E-cigarette maker Juul and the state of North Carolina reached an agreement over state allegations that Juul targeted its products. Their “highly addictive”; proactive for youth. which triggered an outbreak of vapor
While still denying any wrongdoing, Juul has agreed to pay North Carolina a total of $40 million over six years. Selling and selling products to youth. According to the Juul list, we do not use advertisements that may appeal to youth. Avoid social media advertising and the use of influencers. It will not support sporting events and entertainment such as concerts. and will not use people under the age of 35 in marketing
The Company also agrees to help enforce age restrictions by implementing the program. The “secret shopper” Juul will send undercover agents between the ages of 21 and 27 to at least 50 stores across the Tar-Heel state per month to determine if the retailer verifies the age of the shoppers.
The deal comes after years of heated allegations and criticism that Juul intentionally and aggressively targets teenagers in its marketing and advertising campaigns. Which critics say is directly responsible for the high levels of vaping among teenagers, according to a lawsuit filed by Massachusetts Attorney General Maura Healey last year. Juul’s 2015 and 2016 marketing campaigns included ads shown on sites such as Cartoon Network’s cartoonnetwork.com and Nickelodeon sites Nick.com and NickJr.com, and a 2019 Congressional testimony revealed that representatives Juul’s presents work to teenagers in school. without teachers present or with parental consent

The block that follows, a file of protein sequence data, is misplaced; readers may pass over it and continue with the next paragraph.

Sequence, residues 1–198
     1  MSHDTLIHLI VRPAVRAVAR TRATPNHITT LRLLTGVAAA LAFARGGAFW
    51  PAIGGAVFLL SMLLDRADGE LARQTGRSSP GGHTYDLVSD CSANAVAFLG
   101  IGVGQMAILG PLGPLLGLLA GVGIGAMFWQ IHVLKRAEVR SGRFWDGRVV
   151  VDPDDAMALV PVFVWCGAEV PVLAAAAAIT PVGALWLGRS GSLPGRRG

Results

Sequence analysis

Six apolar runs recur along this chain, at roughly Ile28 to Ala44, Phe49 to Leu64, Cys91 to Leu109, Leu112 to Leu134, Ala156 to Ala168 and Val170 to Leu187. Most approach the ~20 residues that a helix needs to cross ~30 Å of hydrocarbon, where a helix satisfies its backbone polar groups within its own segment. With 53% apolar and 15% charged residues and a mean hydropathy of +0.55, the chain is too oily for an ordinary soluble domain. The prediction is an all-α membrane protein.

triumphs and cases
According to the Centers for Disease Control and Prevention E-cigarette use among high school students rose from 1.5 percent in 2011 to 27.5 percent in 2019, meaning more than a quarter of high school students reported using e-cigarettes within the preceding 30 years as of today. At the time of the 2019 survey, that percentage was just 20 percent lower in 2020 following a crackdown on Juul’s advertising and flavored product sales. The federal government has also increased the vaping age limit to 21.
North Carolina Attorney General Josh Stein sees the deal as another step towards quitting e-cigarette use among teens.
“For years, JUUL has been targeting young people. including teenagers With the highly addictive e-cigarette It ignited and set a flame of an epidemic of vapor among our children that you can see in any high school in North Carolina,” Stein said in a statement. “This victory will help keep JUUL products out of the reach of children. Prevents chemical vapors from the lungs. and protect nicotine from toxic and addictive effects in the brain.”
In its own statement, Juul said the deal “It is consistent with our ongoing efforts to reset our company and our stakeholder relationships as we continue to combat underage use and increase harm reduction opportunities for smokers. Adult cigarettes… we try to Trust is still earned through action.”
The resolution of the lawsuit against North Carolina is likely just the start of a legal move for Juul, several other states, including Massachusetts. It filed a lawsuit against The Associated Press, reporting that 39 attorney generals have worked together since February 2020 to investigate the company’s marketing and products. The company is also facing hundreds of personal injury lawsuits. which is included in the California federal lawsuit.